September 29, 2014


Yesterday (Sep. 28), I went mushroom hunting alone for the first time in the season, as requested by my son, who was unable to accompany me because he had to prepare for university entrance exams.

First, near the root of this big buna (beech) tree,
I found these puffballs, hokoritake in Japanese.
Hokori = Dust
-take = Suffix meaning mushroom
To be more precise, they are called tanuki no cha-bukuro (Lycoperdon pyriforme) because they grow on a tree.
Tanuki = Japanese raccoon
No = 's
Cha = Brown
Bukuro < Fukuro = Bag
A similar variety that grows from soil is called kitsune no cha-bukuro (Lycoperdon perlatum).
Kitsune = Fox

I also found some kind of houkitake (Clavaria),
Houki = Broom

even my son was unable to identify the exact name.

I also found this mysterious mushroom on a tree.

Luckily, I found some honey mushrooms.
As I said several times in my blog, this mushroom is called naratake in Japanese, but
Nara = Oak
it's called amandare here in the Uonuma region of Niigata. It has some other local names, like kuzure and boribori.

But, yesterday's highlight was definitely these beautiful mushrooms.
When I first saw them, I thought they were a kind of mukitake (Sarcomixa serotina), but I wasn't sure. Anyway, I picked them all.

As soon as I returned home before noon, I reported to my son that I had found something that looked like mukitake. As soon as he looked at them, he said, "They are tsukiyotake (Omphalotus guepiniformis)". He chided me for being such an amateur...
It is said that tsukiyotake is responsible for a majority of food poisoning cases caused by mushrooms in Japan.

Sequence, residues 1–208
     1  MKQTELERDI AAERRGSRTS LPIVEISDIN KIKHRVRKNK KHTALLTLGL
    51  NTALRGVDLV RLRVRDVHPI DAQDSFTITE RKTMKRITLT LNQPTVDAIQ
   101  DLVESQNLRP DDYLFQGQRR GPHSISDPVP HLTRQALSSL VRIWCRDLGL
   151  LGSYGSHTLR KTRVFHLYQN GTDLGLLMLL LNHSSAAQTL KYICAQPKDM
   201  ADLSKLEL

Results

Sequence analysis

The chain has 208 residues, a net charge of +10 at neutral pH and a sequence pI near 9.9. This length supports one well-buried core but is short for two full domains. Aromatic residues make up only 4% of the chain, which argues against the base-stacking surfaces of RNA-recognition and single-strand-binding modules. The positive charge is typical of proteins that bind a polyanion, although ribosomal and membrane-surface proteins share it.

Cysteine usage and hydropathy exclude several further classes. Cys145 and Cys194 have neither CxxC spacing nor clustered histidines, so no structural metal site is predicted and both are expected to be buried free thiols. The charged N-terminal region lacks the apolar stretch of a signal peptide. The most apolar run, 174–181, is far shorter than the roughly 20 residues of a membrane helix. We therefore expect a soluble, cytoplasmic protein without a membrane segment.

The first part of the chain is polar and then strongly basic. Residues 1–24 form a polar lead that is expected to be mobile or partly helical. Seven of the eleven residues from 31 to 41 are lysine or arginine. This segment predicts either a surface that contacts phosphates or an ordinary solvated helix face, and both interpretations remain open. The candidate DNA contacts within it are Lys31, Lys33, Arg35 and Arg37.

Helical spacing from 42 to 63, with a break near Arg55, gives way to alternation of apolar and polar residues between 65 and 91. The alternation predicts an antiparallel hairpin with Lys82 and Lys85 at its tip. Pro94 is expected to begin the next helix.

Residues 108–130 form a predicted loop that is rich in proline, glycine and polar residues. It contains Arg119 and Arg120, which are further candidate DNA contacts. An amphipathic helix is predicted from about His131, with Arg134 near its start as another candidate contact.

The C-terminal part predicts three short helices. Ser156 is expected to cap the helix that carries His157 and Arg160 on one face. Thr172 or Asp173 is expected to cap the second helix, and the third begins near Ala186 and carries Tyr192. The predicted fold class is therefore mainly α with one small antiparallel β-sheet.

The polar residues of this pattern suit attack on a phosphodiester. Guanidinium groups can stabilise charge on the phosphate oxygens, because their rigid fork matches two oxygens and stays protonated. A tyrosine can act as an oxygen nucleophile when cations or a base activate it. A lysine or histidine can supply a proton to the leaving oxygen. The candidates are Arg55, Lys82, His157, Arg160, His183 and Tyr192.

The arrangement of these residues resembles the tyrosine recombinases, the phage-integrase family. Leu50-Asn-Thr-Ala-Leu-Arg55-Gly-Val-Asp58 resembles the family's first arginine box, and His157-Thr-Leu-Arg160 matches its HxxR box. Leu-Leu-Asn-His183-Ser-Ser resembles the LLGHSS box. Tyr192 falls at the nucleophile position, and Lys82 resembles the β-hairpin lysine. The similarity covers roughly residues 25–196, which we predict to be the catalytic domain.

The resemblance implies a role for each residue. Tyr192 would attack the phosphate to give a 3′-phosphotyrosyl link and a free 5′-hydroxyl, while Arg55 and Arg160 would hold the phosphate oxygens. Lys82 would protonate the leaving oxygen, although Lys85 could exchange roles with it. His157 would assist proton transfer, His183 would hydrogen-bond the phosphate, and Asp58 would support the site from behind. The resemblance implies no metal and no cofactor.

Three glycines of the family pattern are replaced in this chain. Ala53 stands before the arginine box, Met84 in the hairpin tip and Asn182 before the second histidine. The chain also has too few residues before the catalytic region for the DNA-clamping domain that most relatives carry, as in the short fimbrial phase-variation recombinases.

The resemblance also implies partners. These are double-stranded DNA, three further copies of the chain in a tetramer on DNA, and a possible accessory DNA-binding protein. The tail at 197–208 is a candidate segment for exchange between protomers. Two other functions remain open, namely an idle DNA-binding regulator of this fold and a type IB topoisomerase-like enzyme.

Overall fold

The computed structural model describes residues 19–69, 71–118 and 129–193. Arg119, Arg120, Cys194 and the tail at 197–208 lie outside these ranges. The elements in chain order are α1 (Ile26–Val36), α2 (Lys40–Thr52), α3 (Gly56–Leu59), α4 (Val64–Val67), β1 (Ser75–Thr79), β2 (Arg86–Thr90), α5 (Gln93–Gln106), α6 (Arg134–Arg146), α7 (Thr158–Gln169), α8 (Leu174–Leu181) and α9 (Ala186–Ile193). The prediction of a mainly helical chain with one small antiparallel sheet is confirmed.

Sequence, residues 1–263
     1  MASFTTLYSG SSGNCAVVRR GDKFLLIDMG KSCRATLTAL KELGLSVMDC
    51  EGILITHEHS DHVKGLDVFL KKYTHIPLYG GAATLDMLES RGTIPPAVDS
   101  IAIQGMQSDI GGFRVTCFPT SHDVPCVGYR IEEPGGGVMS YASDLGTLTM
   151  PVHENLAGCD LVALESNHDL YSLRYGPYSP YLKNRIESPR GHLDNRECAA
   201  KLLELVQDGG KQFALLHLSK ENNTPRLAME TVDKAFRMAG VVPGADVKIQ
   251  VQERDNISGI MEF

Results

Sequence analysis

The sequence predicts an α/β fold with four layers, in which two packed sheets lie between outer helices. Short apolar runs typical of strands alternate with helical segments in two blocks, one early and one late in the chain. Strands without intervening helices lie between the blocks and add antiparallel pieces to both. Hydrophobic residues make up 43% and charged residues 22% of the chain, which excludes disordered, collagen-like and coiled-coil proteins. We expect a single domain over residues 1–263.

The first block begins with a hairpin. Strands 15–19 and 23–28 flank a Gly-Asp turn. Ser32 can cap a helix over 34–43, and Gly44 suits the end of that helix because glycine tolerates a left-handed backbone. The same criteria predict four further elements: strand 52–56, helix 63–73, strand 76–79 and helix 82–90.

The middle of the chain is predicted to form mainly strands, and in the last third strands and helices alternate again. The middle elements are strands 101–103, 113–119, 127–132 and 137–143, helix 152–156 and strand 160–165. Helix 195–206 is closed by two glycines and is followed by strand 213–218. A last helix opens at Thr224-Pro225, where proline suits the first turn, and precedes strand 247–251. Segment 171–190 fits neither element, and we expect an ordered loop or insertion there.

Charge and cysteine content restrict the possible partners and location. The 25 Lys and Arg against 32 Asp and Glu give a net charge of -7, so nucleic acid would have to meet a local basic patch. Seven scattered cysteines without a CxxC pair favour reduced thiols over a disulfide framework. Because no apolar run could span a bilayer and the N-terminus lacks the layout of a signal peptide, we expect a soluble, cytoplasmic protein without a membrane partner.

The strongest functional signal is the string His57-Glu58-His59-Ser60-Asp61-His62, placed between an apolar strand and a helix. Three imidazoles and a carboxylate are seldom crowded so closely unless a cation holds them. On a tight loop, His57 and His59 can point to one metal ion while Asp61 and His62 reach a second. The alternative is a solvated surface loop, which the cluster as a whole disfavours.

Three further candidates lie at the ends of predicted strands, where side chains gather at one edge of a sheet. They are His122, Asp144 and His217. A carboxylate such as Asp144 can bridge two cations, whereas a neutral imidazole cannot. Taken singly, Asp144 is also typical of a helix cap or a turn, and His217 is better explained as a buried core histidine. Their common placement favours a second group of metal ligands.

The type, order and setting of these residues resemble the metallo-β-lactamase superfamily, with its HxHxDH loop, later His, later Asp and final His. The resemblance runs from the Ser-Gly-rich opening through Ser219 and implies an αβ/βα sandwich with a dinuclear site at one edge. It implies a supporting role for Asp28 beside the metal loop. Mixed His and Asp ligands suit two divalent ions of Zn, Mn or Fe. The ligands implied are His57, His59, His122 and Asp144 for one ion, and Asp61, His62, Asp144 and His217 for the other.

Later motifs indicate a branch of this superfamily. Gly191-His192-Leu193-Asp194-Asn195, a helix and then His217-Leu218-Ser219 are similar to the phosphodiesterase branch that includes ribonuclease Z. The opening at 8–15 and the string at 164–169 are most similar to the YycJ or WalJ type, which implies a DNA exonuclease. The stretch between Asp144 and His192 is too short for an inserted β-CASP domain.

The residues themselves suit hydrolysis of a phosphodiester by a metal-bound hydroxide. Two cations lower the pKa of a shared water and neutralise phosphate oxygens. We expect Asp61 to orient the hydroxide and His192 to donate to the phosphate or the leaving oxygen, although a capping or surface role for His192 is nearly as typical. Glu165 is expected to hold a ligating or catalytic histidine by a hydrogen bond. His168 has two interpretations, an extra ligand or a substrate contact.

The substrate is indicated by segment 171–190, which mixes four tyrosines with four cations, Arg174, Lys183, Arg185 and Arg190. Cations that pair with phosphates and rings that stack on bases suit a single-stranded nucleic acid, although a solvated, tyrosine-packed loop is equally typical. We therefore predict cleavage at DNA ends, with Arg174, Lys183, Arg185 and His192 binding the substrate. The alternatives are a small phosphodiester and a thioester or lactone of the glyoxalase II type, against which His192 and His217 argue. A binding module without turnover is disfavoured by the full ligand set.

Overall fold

As its name suggests,
Tsukiyo = Moonlit night
this mushroom (underside of the cap) glows faintly in the dark. (I tried to take a photo, but in vain.)

Anyway, my son identified all edible mushrooms. I simply boiled them all for less than two minutes, except the puffballs, which I skewered and grilled in the toaster oven. The boiled mushrooms were put in miso soup, and the grilled puffballs were eaten with lemon juice and soy sauce.


Tea Apprentice said...

Amazing. How did your son learn about mushrooms?

Hiroyuki said...

Tea Apprentice: Mainly from books. And, we have participated in several workshops on mushrooms so far.

Fräulein Trude said...

Did you find out something about the black mushroom looking like some variety of rameria?
This year took some horrible toll (biggest ever) here because there where lots of mushrooms during the rainy august. Most of the victims where former russian people. They collected a deadly poisonous mushroom, look-a-like to an edible russian mushroom. The news papers printed warnings. Some nubes even started to collect mushrooms using an I-Phone or Android App - dangerous without any knowledge - geez..

Hiroyuki said...

Kiki: Luckily (laugh), I didn't find any. Sorry to hear about such terrible accidents. Both Russians and Germans are known to love mushrooms...

Yesterday, I learned from a TV news program about a man who ate tsukiyotake given by a friend and became sick. The friend mistook tsukiyotake for honey mushrooms! Just unthinkable!

9895039531 seeandoh said...

I took some snaps of mushrooms from my last weekend visit to a hill station in Kerala, India. But I did not collect it due to the fear of getting Poisoned by eating it.

Hiroyuki said...

seeandoh: The iron rules about wild mushrooms are:
Do not collect, eat, or give (to anyone) any mushrooms you cannot identify with confidence.